Tony trailed off, and groaned again. That was fast one number four

"Look, this Kolchak guy… I don't think he's playing with a full deck," the young man said. "Like I said to her, he had me saying this incantation to try to appease that thing."

"Look, if Matchemonedo isn't a Cuban fighter, who is he?"

"It's an entity that eats energy," the young man said. "I happen to know about it because my ancestors were shamans. Jim Elkhorn, by the way…"

He extended his hand, and Tony shook it, introducing himself.

"And you're saying that Kolchak tried to have you say some sort of incantation to appease this… thing?"

"You got it," Jim said. "Right in the basement of that hospital. I'll bet that's where he is now."

In the back of his mind, Tony recalled Carl's words.

"I am going to get an image, Sir, of something that everyone else denies exists!"

Tony massaged the bridge of his nose, a feeling of impending disaster growing within him.

"You know him too, huh?" Jim asked, sensing Tony's frustrations. "He wanted me to go back there just a little while ago—again. If he thinks I'm going back there while they're evacuating, he's dreaming!"

"He does that a lot," Tony grumbled.

The editor paid for his drink and thanked Jim for his trouble, heading back out into the Chicago streets.

Well, he may as well find out what Carl was up to and drag him out of that hospital. Tony knew he wasn't going to be able to rest until those cameras were back where they belonged, and he didn't particularly feel like bailing Carl out of jail for trespassing yet again—which was likely to happen if they were evacuating the building. Once he got Carl out of there, then, maybe, he could finally get some rest at last.

You're going to make an old man out of me, Carl Kolchak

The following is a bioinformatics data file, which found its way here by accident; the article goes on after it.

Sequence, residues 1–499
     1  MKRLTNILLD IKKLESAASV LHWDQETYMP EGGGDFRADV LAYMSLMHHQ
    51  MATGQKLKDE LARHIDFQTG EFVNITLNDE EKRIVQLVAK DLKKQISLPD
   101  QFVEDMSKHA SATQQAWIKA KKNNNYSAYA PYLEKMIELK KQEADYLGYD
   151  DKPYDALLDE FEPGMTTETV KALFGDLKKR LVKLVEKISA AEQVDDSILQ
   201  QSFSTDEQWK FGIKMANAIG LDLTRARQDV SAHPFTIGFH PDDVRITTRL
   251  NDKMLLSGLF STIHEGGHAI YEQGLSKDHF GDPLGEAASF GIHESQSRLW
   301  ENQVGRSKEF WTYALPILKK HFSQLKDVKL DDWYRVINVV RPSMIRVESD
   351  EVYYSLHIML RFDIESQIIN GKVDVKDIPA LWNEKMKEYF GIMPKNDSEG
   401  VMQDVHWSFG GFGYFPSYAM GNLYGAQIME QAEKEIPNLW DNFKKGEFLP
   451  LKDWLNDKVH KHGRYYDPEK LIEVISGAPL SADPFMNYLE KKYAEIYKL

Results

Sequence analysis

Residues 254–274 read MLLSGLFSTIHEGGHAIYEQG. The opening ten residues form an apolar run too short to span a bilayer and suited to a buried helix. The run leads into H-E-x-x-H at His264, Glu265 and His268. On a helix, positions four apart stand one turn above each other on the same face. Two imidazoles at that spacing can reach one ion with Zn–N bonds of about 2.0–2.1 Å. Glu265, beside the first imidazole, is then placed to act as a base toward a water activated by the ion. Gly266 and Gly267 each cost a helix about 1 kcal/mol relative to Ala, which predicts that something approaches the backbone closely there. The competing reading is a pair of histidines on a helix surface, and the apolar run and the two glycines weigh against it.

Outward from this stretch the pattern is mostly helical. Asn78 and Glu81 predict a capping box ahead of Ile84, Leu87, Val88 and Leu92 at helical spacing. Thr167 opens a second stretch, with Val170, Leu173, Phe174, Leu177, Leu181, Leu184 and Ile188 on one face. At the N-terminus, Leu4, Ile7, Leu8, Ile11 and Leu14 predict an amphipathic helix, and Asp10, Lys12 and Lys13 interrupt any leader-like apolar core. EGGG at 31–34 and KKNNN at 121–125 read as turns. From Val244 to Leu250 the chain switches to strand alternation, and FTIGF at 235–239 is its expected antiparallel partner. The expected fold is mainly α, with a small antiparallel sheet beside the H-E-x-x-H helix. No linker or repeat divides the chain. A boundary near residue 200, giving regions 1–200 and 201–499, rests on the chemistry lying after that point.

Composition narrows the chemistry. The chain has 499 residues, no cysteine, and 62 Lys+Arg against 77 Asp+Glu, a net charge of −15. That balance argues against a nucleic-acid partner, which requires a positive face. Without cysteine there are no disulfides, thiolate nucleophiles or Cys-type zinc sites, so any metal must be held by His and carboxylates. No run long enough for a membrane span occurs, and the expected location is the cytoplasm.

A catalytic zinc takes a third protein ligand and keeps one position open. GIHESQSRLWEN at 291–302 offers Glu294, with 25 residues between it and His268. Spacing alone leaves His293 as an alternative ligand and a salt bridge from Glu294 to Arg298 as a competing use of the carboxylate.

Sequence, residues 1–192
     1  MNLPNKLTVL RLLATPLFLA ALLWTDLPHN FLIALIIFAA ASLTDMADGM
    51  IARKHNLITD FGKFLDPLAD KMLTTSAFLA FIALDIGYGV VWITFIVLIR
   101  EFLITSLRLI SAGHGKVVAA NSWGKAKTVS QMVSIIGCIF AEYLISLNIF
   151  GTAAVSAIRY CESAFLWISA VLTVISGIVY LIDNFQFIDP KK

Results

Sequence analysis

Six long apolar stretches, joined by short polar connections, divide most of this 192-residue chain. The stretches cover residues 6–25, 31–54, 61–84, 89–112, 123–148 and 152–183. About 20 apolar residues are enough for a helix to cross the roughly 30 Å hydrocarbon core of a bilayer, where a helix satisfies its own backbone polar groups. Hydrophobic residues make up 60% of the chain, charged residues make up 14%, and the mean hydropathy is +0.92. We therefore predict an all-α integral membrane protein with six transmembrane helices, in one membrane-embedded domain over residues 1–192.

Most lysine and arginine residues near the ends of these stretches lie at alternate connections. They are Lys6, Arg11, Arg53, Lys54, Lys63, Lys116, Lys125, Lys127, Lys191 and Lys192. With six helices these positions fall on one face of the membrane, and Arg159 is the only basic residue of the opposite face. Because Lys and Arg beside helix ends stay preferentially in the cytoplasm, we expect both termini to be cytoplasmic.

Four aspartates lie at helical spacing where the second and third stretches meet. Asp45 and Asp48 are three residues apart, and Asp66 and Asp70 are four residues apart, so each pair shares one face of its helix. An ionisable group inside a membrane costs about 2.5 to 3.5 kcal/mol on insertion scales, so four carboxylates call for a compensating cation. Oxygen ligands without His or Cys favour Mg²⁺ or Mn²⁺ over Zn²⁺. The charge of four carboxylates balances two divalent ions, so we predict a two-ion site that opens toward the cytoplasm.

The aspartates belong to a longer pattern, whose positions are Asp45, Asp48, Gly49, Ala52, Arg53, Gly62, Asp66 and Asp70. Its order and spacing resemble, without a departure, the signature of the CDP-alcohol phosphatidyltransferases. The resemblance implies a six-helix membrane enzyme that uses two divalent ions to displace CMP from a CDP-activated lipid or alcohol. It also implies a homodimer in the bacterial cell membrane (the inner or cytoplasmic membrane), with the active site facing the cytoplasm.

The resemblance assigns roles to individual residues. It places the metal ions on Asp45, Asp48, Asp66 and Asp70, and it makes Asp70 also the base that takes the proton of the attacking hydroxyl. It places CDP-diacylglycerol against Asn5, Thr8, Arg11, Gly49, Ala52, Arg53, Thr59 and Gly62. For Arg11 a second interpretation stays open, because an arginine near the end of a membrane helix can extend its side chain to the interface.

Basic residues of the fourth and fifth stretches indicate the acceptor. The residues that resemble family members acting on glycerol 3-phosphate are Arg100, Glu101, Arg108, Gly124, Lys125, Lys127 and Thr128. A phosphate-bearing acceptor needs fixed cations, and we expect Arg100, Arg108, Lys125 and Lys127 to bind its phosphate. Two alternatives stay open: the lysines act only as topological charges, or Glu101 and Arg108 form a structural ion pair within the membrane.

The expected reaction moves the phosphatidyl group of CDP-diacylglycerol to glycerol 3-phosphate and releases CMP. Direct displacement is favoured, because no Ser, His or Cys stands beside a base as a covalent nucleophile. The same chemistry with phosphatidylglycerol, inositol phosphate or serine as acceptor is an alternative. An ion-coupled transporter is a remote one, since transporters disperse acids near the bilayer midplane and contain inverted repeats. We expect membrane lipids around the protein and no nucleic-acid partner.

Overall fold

He took a taxi to the hospital, frowning as he got out and saw the chemical truck parked outside, with its two tubes running into the building.

"What's going on here?" he demanded.

Two of the men present—Walter Green and Dr. Carrie—turned. Tony couldn't help but notice how furtive they looked.

"We're pumping liquid nitrogen into the basement," Green explained. "It's… a precautionary measure… to help cool down the foundation."

Tony could tell he wasn't being entirely truthful, but that wasn't what was concerning him at the moment.

"Look, you've got to turn that off; there's a man in that basement!"

"Impossible; we evacuated the whole building and made sure that no one was left behind," Green insisted.

"You don't know Carl Kolchak; he'll have found a way in," Tony said.

"Kolchak! Him again?" Green exclaimed.

"Look, are you going to turn that off and get him out of there, or not?" Tony asked, his voice rising.

"Walter!" Dr. Carrie exclaimed, turning to Green. "Walter, if Mr. Kolchak is in there, we can't let him freeze!"

Green scowled, but ordered the men with the chemical truck to stop pumping the nitrogen, and then headed inside once it was safe. Carrie followed, with Tony right behind him.

"What was that nut doing down here, anyway?" Green demanded, as they arrived at the basement level. By now, the nitrogen fog had significantly dissipated.

"I don't know!" Tony yelled back. "But I intend to find out! Kolchak! KOLCHAK!"

There was no answer. Tony felt a sudden chill, and he knew it wasn't from the liquid nitrogen, either.

"Carl, where are you?" he bellowed, his voice echoing all over the cracked walls.